And they certainly did not consider a man hanging on a cross a sign of power. It is a sign of weakness. Indeed the Old Testament tells us that a person who is hung on a tree is a person is cursed by God.


And to the Greeks, it was sheer madness to make such a claim. They looked for a wisdom that would unlock the secret of the universe. For them, true power would lie with the philosopher who was able to understand ultimate reality.

So an event in history (a man dying on a cross) for them could never be the key to understanding reality. You had to go beyond, above history to understand reality, and the only way to do that was through separating yourself from the world and through contemplation.

And we are no different to the Jews or the Greeks

If I am going to follow a God, then I'm going to choose a God who offers me wealth and power and success and status
I am not going to choose a God who ends up being crucified.

  • No wonder the disciples ran away

  • No wonder there is some Roman graffiti of the early 2nd century. It shows a person kneeling down before a crucified figure. The crucified figure has the head of a donkey. Underneath someone has written, "Alexandros worships his God"

  • No wonder men and women have ridiculed Christianity

  • No wonder Nietzsche described Christianity as the religion of slaves: that values the quality of 'pity', the quality that cherishes all that is weak and insignificant and, in Nietzsche's system, is worthy of death.

"Pity thwarts the whole law of evolution, which is the law of natural selection. It preserves whatever is ripe for destruction; it fights on the side of those disinherited and condemned by life; by maintaining life in so many of the botched of all kinds, it gives life itself a gloomy and dubious aspect". Nietzsche, The AntiChrist.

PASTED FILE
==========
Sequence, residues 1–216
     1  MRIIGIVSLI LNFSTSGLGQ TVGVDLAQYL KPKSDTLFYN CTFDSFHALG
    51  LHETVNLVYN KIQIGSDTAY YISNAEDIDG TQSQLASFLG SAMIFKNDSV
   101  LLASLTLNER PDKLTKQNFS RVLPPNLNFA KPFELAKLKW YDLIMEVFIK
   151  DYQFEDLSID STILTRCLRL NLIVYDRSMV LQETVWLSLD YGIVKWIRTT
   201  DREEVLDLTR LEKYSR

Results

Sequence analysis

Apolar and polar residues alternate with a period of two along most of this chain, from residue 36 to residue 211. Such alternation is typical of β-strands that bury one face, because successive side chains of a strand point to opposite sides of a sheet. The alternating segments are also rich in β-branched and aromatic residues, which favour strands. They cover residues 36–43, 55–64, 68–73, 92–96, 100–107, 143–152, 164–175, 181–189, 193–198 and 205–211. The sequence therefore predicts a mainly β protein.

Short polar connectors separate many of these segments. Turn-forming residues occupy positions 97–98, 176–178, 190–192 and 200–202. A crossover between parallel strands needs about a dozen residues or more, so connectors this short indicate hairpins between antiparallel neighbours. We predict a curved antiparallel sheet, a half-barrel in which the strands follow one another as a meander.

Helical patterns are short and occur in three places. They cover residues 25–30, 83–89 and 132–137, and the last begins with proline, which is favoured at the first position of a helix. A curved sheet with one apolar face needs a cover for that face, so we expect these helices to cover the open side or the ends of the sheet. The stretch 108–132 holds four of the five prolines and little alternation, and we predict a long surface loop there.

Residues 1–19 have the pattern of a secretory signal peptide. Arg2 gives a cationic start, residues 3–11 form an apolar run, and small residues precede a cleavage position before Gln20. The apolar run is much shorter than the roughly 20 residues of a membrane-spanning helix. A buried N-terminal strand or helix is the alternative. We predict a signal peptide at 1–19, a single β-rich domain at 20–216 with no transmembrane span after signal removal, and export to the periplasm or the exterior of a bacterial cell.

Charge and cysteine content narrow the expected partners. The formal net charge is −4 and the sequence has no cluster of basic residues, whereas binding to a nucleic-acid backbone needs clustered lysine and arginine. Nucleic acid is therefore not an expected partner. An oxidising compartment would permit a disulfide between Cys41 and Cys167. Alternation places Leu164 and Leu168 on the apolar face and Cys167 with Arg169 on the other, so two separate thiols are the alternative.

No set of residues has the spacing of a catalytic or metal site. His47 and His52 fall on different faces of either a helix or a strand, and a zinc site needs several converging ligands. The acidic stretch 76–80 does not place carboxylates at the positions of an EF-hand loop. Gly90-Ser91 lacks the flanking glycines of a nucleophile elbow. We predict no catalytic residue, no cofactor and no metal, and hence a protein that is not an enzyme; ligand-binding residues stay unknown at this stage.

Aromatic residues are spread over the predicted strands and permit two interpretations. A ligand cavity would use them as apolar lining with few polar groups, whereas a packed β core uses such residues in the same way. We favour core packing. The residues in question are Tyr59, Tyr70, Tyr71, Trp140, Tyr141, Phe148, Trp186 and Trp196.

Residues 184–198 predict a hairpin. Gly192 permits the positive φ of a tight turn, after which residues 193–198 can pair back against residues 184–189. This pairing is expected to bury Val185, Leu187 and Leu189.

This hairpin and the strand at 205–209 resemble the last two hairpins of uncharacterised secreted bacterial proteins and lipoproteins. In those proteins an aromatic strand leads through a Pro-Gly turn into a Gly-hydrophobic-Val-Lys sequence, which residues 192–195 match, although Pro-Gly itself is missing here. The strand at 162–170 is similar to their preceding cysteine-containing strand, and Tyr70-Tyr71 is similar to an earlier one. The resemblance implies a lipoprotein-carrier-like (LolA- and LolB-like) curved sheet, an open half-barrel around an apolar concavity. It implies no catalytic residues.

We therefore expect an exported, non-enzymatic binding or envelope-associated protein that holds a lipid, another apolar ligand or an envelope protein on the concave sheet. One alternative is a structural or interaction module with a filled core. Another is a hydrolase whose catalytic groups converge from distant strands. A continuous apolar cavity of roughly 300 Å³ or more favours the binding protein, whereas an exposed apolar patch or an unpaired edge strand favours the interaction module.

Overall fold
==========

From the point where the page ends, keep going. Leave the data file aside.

So why? Why preach the cross?
Why claim that a crucified man is THE DEMONSTRATION BEYOND ALL DEMONSTRATIONS of the power of God?


1. The cross is the supreme act of love.

We often talk on these occasions about the love that is shown when a person gives their life for their country.
That happened in the Battle of Britain. And today we celebrate the heroism that saw the men and women of the RAF willing to give their lives to defend their country in the face of overwhelming odds.
And that love has been shown many times before and since: when men and women have chosen to serve their country, even to death.

And when the final history of the world is written, from the perspective of eternity, I suspect that we will discover that such acts of genuine service and self-sacrifice will be shown to be far far more significant than acts of self-gratification or of domination over others.

  • It will be the story of the family who chose to foster or adopt a child who no one else wants

  • It will be the story of the little old lady who spent her time in fasting and prayer

  • It will be the story of the person who chose to devote themselves to care for someone severely handicapped